Why did America invade IraqWhy do nations choose to fight certain wars and not othersHow do we bring ourselves to believe that the sacrifice of our troops is acceptableFor most, the answers to these questions are tied to struggles for power or resources and the machinations of particular interest groups. Philip Smith argues that this realist answer to the age-old "why war?" question is insufficient. Instead, Smith suggests that every war has its roots in the ways we tell and interpret stories.Comprised of case studies of the War in Iraq, the Gulf War, and the Suez Crisis, Why Wardecodes the cultural logic of the narratives that justify military action. Each nation, Smith argues, makes use of binary codes-good and evil, sacred and profane, rational and irrational, to name a few. These codes, in the hands of political leaders, activists, and the media, are deployed within four different types of narratives-mundane, tragic, romantic, or apocalyptic. With this cultural system, Smith is able to radically recast our "war stories" and show how nations can have vastly different understandings of crises as each identifies the relevant protagonists and antagonists, objects of struggle, and threats and dangers.The large-scale sacrifice of human lives necessary in modern war, according to Smith, requires an apocalyptic vision of world events. In the case of the War in Iraq, for example, he argues that the United States and Britain replicated a narrative of impending global doom from the Gulf War. But in their apocalyptic account they mistakenly made the now seemingly toothless Saddam Hussein once again a symbol of evil by writing him into the story alongside al Qaeda, resulting in the war's contestation in the United States, Britain, and abroad.Offering an innovative approach to understanding how major wars are packaged, sold, and understood, Why Warwill be applauded by anyone with an interest in military history, political science, cultural studies, and communication.
Not Without Honor
Not Without Honor threads together the stories of three American POWs-Carano; his buddy Bill Blackmon, who was also at Stalag 17 b; and John C. Bitzer, who survived the brutal "e;Death March"e; from northern Germany to liberation in April 1945. At times the journal reads like a thriller as he records air battles and escape attempts. Yet in their most gripping accounts, these POWs ruminate on psychological survival. The sense of community they formed was instrumental to their endurance. This compelling book allows the reader to journey with these young men as they bore firsthand witness to the best and worst of human nature.
With the arrival of the transcontinental railroad in the 1880s came the emergence of a modern and profoundly multicultural New Mexico. Native Americans, working-class Mexicans, elite Hispanos, and black and white newcomers all commingled and interacted in the territory in ways that had not been previously possible. But what did it mean to be white in this multiethnic milieuAnd how did ideas of sexuality and racial supremacy shape ideas of citizenry and determine who would govern the region?Coyote Nation considers these questions as it explores how New Mexicans evaluated and categorized racial identities through bodily practices. Where ethnic groups were numerous and-in the wake of miscegenation-often difficult to discern, the ways one dressed, bathed, spoke, gestured, or even stood were largely instrumental in conveying one's race. Even such practices as cutting one's hair, shopping, drinking alcohol, or embalming a deceased loved one could inextricably link a person to a very specific racial identity.A fascinating history of an extraordinarily plural and polyglot region, Coyote Nation will be of value to historians of race and ethnicity in American culture.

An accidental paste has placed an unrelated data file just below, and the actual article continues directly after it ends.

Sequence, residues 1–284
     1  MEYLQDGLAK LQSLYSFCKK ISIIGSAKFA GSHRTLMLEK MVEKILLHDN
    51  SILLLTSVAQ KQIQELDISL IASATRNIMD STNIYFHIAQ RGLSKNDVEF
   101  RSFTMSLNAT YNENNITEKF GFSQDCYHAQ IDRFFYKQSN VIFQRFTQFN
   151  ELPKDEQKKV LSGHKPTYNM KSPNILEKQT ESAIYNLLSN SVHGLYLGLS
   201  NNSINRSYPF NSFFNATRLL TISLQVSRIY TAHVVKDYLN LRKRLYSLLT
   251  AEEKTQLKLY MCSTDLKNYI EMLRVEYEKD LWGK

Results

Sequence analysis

From Mother and Daughter
Among the best-known and most prolific French women writers of the sixteenth century, Madeleine (1520-87) and Catherine (1542-87) des Roches were celebrated not only for their uncommonly strong mother-daughter bond but also for their bold assertion of poetic authority for women in the realm of belles lettres. The Dames des Roches excelled in a variety of genres, including poetry, Latin and Italian translations, correspondence, prose dialogues, pastoral drama, and tragicomedy; collected in From Mother and Daughter are selections from their celebrated oeuvre, suffused with an engaging and enduring feminist consciousness. Madeleine and Catherine spent their entire lives in civil war-torn Poitiers, where a siege of the city, vandalism, and desecration of churches fueled their political and religious commentary. Members of an elite literary circle that would inspire salon culture during the next century, the Dames des Roches addressed the issues of the day, including the ravages of religious civil wars, the weak monarchy, education for women, marriage and the family, violence against women, and the status of women intellectuals. Through their collaborative engagement in shared public discourse, both mother and daughter were models of moral, political, and literary agency.
Civic War and the Corruption of the Citizen
In this unique book, Peter Alexander Meyers leads us through the social processes by which shock incites terror, terror invites war, war invokes emergency, and emergency supports unchecked power. He then reveals how the domestic political culture created by the Cold War has driven these developments forward since 9/11, contending that our failure to acknowledge that this Cold War continues today is precisely what makes it so dangerous. With eloquence and urgency Meyers argues that the mantra of our time-"everything changed on 9/11!"-is false and pernicious. By contrast, Civic War and the Corruption of the Citizen provides a novel account of long-term transformations in the citizen's experience of war, the constitution of political powers, and public uses of communication, and from that firm historical basis explains how a convergence of these social facts became the pretext for unprecedented opportunism and irresponsibility after 9/11. Where others have observed that our rights are under attack, Meyers digs deeper and finds that today "government by the people" itself is at risk. Sparkling with historical and philosophical insight, this is a dramatic diagnosis of the American political scene that at once makes clear the new position of the citizen and the necessity for active citizenship if democracy is to endure.